Besides Luis, the other two heavy hitters on the French squad include Léo Bergere, who took third at the Hamburg ITU world championships and has a handful of WTS top 10 finishes, and Dorian Coninx, who has a big win at the 2019 WTS Bermuda in his resume. Don’t forget about Pierre Le Corre, who has four WTS top 10s since 2018.
So why are the French men so adept in the ITU? A big reason lies in the French Grand Prix club system. While American triathlon Olympic hopefuls are swimming or running during their high school and college years, the French are cutting their teeth in a fiercely competitive regional short-course system with teams of various size, speed, and funding. A developing French athlete can start in the Grand Prix’s lower divisions before graduating to fast-and-furious competition right in their backyards against the likes of the Brownlee brothers, Javier Gomez, and many other ITU veterans who race for Grand Prix teams during breaks. While the Americans might have no idea who their next crop of triathlon Olympic hopefuls are, the French already have their eyes on the lower divisions of their Grand Prix league for 2024 and beyond.
36 | Newport News, Virginia
Aspiring Professional Triathlete
Last year, Sika Henry was aiming to become the first African-American female pro triathlete. She was fit and improving, ready to hit the standard—and then she crashed.
She doesn’t remember the accident during 70.3 Texas last April, but when she woke up in the emergency room, she thought: I quit. “My injuries were so extensive and gruesome, I just didn’t think it was worth it,” she said. But then she remembered who she was doing this for: all the kids who were following her journey, who didn’t have many other triathletes who looked like them. “It truly made me realize how much representation matters, that seeing someone you can identify with can have an impact on why you’d try a sport like triathlon,” she said. Five months later, she was back on a start line.
For Henry, who grew up swimming and was a long jumper at Tufts University, long-distance endurance sports weren’t necessarily an obvious choice. She tried a local sprint triathlon (in a swimsuit and on a mountain bike) and then just wanted to finish a marathon. Once. But by 2017, in between working as a project manager in market analytics, she was seeing some real results, making the podium in every 70.3 she did. “I was confident that if I found the right coach, someone who could train me at an elite level, I’d have a shot at qualifying for my pro card,” she said.
Henry signed on with coach Jonathan Caron and started training twice a day (on her lunch break and after work) to try to get on the podium at a large enough race and earn that pro license. She knew she was getting better, and then the crash—and then the pandemic.” I was in the best shape of my life heading into Challenge Cancun in April. Had that race taken place, I believe I would have achieved my goal,” she said. All of her races for this year have been rescheduled to next year, so she’ll be back out there chasing her goals. Just two years later than planned.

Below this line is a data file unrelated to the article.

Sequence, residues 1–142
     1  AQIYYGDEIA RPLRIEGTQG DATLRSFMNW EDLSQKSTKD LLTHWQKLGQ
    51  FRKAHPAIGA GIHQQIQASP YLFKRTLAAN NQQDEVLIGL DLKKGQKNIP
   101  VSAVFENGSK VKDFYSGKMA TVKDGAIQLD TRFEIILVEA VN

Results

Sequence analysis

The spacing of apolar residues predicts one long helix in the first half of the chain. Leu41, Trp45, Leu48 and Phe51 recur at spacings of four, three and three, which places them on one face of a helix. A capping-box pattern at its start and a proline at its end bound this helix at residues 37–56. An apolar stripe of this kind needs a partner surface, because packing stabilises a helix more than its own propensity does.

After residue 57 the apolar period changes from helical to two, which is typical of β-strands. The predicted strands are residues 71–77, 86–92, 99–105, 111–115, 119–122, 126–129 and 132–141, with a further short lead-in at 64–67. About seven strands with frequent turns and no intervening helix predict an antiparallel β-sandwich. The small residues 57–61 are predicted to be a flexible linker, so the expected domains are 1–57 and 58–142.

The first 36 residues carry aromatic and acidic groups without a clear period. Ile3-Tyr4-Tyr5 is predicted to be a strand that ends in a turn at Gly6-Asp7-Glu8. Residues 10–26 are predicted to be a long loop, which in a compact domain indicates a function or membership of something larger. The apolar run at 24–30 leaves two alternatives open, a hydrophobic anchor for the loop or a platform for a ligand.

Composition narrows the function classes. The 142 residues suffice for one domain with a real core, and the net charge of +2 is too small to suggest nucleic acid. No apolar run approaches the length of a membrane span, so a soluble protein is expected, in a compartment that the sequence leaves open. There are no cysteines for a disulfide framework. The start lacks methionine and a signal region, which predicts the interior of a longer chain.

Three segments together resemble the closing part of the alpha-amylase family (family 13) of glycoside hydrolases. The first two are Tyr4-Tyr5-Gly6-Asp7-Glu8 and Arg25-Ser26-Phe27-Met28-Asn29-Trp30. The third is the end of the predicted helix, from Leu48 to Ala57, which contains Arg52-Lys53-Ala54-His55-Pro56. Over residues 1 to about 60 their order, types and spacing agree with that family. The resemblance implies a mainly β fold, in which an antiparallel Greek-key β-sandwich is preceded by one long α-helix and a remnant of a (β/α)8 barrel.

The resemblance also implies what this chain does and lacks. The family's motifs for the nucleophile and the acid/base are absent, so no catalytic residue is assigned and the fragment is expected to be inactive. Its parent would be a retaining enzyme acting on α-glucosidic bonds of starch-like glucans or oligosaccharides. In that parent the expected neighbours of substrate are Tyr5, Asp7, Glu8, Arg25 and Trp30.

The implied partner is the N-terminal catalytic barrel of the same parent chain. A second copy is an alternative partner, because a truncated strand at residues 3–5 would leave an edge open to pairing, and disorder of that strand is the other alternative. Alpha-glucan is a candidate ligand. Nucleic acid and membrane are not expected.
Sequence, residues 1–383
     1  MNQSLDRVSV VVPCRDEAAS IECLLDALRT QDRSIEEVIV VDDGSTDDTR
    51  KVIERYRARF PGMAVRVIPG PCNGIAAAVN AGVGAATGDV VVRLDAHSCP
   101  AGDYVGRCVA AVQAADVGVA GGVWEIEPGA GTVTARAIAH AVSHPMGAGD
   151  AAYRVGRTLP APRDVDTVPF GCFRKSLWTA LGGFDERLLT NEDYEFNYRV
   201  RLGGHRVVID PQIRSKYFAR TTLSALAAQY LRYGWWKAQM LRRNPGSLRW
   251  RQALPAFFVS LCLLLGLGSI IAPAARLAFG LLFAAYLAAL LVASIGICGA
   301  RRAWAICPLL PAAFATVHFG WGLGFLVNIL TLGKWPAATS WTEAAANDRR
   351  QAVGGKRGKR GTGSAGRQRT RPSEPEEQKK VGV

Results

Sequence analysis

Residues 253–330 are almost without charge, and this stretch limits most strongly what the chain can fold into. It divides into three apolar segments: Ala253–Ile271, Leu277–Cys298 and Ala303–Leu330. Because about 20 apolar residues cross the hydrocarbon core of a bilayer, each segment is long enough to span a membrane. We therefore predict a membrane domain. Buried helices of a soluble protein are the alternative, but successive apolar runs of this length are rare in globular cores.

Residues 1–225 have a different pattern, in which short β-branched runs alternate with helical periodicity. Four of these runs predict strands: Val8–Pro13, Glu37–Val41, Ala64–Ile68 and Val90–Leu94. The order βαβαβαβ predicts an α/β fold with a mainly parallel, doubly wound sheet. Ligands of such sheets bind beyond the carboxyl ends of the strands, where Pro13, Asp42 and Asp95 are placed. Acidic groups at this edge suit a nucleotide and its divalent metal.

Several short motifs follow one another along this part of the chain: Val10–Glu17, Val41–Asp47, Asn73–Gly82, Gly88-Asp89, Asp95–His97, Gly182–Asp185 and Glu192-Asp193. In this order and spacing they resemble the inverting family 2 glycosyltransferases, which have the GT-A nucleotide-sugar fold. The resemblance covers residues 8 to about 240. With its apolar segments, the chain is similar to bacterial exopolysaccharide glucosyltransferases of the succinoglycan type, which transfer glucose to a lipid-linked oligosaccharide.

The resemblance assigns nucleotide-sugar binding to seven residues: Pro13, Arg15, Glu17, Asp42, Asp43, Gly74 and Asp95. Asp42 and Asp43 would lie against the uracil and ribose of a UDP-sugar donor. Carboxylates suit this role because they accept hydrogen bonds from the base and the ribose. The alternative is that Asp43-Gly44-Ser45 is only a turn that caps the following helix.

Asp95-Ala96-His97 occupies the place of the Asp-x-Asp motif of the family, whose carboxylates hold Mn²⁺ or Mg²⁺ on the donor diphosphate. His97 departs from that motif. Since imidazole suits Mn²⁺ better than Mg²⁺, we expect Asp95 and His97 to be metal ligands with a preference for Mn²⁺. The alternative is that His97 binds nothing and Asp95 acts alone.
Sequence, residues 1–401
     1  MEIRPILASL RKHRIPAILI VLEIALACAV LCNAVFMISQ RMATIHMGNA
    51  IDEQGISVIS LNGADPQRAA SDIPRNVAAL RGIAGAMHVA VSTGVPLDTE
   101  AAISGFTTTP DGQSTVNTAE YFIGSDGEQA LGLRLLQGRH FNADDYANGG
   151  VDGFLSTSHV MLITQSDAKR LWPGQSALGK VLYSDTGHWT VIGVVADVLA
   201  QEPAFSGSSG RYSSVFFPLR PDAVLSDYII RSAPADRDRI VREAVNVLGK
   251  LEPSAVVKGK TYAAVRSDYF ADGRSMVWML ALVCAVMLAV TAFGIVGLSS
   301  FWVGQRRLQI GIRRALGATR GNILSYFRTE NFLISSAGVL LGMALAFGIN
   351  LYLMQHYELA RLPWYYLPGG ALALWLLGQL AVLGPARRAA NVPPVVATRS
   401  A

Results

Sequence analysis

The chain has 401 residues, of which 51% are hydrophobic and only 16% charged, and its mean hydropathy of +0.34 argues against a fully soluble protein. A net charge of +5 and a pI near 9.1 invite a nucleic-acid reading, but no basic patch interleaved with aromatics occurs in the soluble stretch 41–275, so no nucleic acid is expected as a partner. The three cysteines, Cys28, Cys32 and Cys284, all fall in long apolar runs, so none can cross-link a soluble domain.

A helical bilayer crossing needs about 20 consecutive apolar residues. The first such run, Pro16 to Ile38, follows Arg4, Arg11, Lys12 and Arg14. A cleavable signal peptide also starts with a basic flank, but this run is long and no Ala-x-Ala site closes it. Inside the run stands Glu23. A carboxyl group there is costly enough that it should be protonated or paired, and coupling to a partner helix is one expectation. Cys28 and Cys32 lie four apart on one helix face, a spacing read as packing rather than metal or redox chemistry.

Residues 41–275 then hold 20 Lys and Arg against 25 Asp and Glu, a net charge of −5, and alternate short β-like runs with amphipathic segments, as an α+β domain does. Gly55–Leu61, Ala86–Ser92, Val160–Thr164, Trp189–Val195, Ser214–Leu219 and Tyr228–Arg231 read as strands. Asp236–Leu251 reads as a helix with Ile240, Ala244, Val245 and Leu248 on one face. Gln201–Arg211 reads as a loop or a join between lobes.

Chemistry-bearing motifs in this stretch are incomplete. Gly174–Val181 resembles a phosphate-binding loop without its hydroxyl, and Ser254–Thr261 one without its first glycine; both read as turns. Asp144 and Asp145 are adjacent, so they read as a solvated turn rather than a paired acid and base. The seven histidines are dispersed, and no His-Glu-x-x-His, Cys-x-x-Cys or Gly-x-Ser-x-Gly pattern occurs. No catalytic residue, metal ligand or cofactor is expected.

KATHRYN TAYLOR & KRISTI MOHN
45, 51 | Atlanta, Georgia, and Emporia, Kansas
Founders of ‘Girls Gone Gravel’
Gravel biking is huge right now. Just look around your local bike shop or dirt roads. Kathryn Taylor and Kristi Mohn aren’t just helping drive that growth, they’re also helping fund new programs and projects to make sure the growth is inclusive and welcoming of all riders.
Taylor was a burned-out triathlete when she found gravel and fell in love a few years ago. She started an Instagram account and a website to help other women get out on the dirt too. And then Mohn, who was working on the “Women Ride the World” program, reached out. It was fortuitous timing. Mohn started riding gravel back in 2004 (that was the only option in Emporia, Kansas) and has since worked as a race director for DK, the massively popular and massively hard gravel race in Kansas, and on the “200 Women 200 Miles” initiative at the race. Taylor was a fan. They teamed up.
Now they have a podcast, “Girls Gone Gravel,” a Facebook group with over 1,500 women in it, and a DIY Gravel Series that features top female gravel athletes and coaches walking riders through the basics. And that doesn’t even take into account all the articles, videos, and clinics the two of them work on all the time. Yes, there are barriers to getting into gravel, but the pair are committed to eliminating them.
“It’s just riding a bike on a different surface,” said Mohn, and with a whole different attitude. So when you hit the gravel in 2021 and find it to be an awesome and diverse place, you’ll have Taylor and Mohn at least partially to thank. – KO
56 | Colorado Springs, Colorado
Chief Sport Development Officer, USAT
You might have noticed college sports aren’t doing so well these days. Games and meets are getting canceled and teams are being disbanded or suspended in the wake of the COVID-19 pandemic. Now imagine trying to get a new NCAA sport off the ground in this environment.
But that’s exactly what Tim Yount is trying to do. Yount, who’s been with USA Triathlon for over 30 years in a variety of roles, currently heads up the NCAA effort (among other things). As an emerging sport for women, triathlon needs 40 schools to sign on with a varsity team by 2024 in order to become a fully fledged NCAA women’s sport. Right now, there are 35—three of which were added during the pandemic. “We only lost one [existing program dropping out during COVID-19]. To net two programs was a victory for us. No other sports saw additions during this time,” Yount said.
While the season got shifted to the spring and recruitment turned virtual, the foot stayed on the gas in large part thanks to Yount and his work with the varsity coaches and schools. USAT launched virtual combines to identify high school talent, committed to honoring its existing grants for schools (despite financial blows during this year), and started opening up the doors to international recruitment.